Judy Kay-Wolff


With the history of WOLFF SIGNOFF (WSO) behind us, it is time to get to the nitty-gritty of the convention and its practical applications.   For the sake of simplification and brevity, let us use the following code which I copped from my creative late partner-in-law, Edgar Kaplan:

(M = Major) (OM = Other Major) (m = minor) (om = other minor).  Got it?

Repeating the conditions that are necessary to set the wheels of WSO in full motion ….

1.   One of the partners must make an invitational 2NT bid (not an Opening 2NT).

2.   The partner of the 2NT bidder must bid 3C, self-deputizing himself to take center stage and call most of the shots.

3.   The bid of 3C FORCES partner to bid 3D.

4.   The 3C bidder now names the trump suit which asks the strong hand to pass, thereby SIGNING OFF.    There are exceptions to be discussed later.

5.   Either partner may initiate the invitational 2NT call (as a jump rebid by the opener or as an overcaller of the enemy’s bid at the two level which will be discussed later).


Since there are several ramifications of WSO, today we are only going to handle the original treatment with our side opening the bidding.   Now let us examine specific auctions.

The most commonly known and adopted treatments of WSO begin when the opening bidder, after partner’s response at the one level, jumps to 2NT in the following sequences in an unobstructed auction:

a) 1m* P 1M P   (b) 1m* P 1S P   (c) 1H P 1S P
  2NT P 3C P     2NT P 3C P     2NT P 3C P
  3D P 3M       3D P 3H       3D P 3S  

In (a), responder is signing off in 3 of his major; in (b), responder is offering partner a choice to correct to 3S or pass 3H; in (c), partner is insisting on stopping in 3S.  *Please note that the minor opening in (a) or (b) can be either clubs or diamonds and the meaning of 3C does not change.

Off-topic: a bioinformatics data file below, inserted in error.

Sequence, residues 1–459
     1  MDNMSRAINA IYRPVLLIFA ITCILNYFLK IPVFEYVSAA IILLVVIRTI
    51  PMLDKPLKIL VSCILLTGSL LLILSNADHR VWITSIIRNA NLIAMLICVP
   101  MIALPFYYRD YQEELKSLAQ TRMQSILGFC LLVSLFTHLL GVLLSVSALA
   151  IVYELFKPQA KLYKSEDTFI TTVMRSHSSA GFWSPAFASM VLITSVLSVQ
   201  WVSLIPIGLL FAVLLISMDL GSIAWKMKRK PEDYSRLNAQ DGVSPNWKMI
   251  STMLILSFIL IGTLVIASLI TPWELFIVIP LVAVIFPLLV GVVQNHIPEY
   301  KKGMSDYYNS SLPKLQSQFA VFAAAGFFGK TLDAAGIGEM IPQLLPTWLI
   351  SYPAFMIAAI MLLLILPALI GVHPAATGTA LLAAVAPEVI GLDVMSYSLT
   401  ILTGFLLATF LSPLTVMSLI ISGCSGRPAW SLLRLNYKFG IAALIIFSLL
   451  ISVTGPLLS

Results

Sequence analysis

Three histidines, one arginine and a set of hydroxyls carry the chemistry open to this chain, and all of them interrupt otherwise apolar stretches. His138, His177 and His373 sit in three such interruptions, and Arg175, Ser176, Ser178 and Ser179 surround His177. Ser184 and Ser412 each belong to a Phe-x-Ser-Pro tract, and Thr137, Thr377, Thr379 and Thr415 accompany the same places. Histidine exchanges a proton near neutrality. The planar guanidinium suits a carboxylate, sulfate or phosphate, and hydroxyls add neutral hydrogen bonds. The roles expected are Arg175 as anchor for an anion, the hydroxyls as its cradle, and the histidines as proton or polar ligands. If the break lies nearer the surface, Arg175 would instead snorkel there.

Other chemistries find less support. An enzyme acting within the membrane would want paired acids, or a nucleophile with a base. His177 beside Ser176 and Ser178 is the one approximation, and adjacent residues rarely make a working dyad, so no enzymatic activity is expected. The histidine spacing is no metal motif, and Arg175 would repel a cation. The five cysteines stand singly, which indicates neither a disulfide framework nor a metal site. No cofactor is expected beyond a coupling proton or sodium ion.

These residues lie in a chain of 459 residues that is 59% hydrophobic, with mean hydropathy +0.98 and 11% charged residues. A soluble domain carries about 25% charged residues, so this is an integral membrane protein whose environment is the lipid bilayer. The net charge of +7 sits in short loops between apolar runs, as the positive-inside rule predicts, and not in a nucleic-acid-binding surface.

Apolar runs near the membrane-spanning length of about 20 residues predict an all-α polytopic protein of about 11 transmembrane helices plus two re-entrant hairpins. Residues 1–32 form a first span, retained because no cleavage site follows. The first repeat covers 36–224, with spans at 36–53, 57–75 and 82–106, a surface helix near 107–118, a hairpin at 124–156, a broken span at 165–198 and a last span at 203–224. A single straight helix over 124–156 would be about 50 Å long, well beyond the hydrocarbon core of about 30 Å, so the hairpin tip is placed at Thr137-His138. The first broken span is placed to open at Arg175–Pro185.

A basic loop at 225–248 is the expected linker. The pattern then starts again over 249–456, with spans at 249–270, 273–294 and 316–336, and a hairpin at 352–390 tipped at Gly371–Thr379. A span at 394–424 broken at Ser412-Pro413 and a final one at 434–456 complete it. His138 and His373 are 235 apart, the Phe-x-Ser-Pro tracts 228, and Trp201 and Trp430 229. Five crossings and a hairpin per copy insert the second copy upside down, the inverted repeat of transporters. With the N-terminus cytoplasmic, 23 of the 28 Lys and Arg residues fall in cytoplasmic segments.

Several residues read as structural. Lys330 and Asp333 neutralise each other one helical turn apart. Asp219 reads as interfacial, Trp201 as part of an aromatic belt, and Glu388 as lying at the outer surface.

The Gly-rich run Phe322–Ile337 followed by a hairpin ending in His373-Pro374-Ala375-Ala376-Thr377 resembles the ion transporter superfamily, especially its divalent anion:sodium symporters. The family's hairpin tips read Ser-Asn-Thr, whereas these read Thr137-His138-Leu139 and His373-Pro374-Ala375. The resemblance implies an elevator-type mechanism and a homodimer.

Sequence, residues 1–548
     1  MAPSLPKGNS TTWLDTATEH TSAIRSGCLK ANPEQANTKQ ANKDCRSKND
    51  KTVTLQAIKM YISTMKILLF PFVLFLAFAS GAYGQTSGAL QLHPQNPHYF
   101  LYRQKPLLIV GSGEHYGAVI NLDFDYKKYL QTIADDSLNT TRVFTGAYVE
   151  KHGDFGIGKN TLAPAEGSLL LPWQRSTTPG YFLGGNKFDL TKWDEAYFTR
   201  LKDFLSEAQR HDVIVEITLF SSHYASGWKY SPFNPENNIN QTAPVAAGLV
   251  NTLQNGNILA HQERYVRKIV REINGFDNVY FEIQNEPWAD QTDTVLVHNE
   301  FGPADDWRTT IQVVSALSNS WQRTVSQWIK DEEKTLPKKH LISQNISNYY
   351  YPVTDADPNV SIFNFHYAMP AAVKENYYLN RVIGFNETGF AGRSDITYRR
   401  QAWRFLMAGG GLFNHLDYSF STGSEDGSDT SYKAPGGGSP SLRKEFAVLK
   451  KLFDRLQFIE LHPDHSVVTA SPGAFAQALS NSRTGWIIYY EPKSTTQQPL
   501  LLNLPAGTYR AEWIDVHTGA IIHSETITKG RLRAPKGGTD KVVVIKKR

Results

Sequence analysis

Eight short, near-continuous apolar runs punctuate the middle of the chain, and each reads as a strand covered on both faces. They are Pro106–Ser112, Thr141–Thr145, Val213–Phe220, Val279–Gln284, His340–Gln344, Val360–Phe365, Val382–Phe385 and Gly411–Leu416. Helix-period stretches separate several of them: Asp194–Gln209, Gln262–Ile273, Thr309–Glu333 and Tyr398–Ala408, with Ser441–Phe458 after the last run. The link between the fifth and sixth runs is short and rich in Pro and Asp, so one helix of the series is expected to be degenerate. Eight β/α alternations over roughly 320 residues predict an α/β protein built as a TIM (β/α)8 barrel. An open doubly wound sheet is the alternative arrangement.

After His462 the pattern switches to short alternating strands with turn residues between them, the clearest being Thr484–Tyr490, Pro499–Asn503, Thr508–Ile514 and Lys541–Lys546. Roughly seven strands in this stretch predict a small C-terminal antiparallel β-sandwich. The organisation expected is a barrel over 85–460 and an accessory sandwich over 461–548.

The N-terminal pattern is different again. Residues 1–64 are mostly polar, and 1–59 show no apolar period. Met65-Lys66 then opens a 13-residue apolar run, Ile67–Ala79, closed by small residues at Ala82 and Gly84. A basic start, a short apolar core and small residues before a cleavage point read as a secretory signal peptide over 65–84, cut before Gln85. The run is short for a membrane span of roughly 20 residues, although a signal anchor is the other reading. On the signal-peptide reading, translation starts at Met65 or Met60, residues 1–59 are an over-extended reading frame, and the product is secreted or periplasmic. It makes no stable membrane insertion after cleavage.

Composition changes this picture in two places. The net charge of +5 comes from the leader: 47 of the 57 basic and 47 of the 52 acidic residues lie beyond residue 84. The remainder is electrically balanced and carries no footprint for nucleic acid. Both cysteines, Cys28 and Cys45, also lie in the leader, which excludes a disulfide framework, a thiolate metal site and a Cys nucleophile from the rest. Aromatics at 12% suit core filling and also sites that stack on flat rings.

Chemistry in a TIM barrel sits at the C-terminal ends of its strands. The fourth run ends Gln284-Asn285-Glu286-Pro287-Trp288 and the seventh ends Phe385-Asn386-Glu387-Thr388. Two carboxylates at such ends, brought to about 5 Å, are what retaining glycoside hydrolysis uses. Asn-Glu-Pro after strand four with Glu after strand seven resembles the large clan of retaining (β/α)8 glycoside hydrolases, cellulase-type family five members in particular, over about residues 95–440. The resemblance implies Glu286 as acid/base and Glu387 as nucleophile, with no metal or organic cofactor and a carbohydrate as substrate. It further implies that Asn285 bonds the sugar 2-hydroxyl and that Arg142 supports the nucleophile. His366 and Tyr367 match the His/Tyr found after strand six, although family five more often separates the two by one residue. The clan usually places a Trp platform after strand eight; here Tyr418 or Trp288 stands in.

WSO can also assume a simpler format as below.

(a) 1D P 2NT P
  3C P 3D  
The opener, holding something like KJXX  JX  KQJ10XX  X, prefers to play 3D.

There are certain variations of the above.

1.   If the 3C bidder forces 3D and then retreats to 3NT, it was never intended as a weak call, but rather a hand with independent clubs or good support if partner opened with 1C.  (It is similar in nature to the Flint auction where 3D forces partner to bid 3H — and then the diamond bidder does not pass the forced response — but bids 3NT which shows a strong hand with good diamond support).

2.   There are two specialized auctions which must be distinguished as they take on a special complexion:

(a) 1m P 1H P (b) 1m P 1H P
2NT P 3S 2NT P 3C P
3D P 3S

Since the invitational bids of 2NT do not necessarily deny a four card spade holding, it is important to learn more about partner’s hand.   In (a), the responder shows five or more hearts and four spades (just as it sounds to the ear).   In (b), the 3C bid (starting out as WSO) now shows four hearts and four spades — allowing you a choice of contracts (3NT, 4H, 4S — or even considering the possibility of a slam).   Both auctions, of course, are 100% forcing.

3.   The sequences below are NATURAL — to play:

1C P 1NT P 1D P 1NT P 1M P 1NT P
2NT P 3C 2NT P 3C 2NT P 3C

To sum up WOLFF SIGNOFF:   The 3C call sets the stage for a full scale evacuation (at the three level if possible), keeping casualties to a minimum. Some good guidelines ….

1.   The red flag has been waved by the 3C bidder.

2.   The 3C bidder has become the captain of the partnership.

3.   The 3C bidder is better equipped to make the final decision as to where to play the contract.  The Strong hand can overrule — BUT HE HAD BETTER BE RIGHT!

4.    Either hand can initiate the WSO.

5.    *A cue bid of opponent’s major is Stayman after partner has overcalled 2NT.  3C is WSO and all other bids are natural and forcing.

6.   WSO was specifically designed for unbalanced weak-suited hands to escape from No Trump.

(*Auctions referring to interference bidding will be discussed separately at a later date).

1 Comment

Mike RalphJanuary 14th, 2009 at 8:17 pm

Good system. May I suggest a small change to Section 2? The sequence 1m – 1H – 2NT – 3S sounds to my ear like 4-4 in the majors, not 5-4. How else would one look for a 4-4 spade fit in a natural system with no asking bid or relay available? With 5-4 responder should rebid 3H (forcing). Opener with 4 spades should come back with 3S even if he holds 3-card support for hearts. This gives the responder the chance to raise to 4S if he has the 5-4 hand. Otherwise he “signs off” in 3NT, and opener can then reveal his heart support.

This approach would release the given sequence 1m – 1H – 2NT – 3C – 3D – 3S for a different use. How about suggesting a heart slam and showing a singleton?